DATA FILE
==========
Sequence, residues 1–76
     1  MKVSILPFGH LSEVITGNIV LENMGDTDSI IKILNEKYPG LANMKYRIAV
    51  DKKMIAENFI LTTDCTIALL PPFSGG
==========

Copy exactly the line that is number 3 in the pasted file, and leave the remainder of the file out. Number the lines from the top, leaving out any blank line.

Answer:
    51  DKKMIAENFI LTTDCTIALL PPFSGG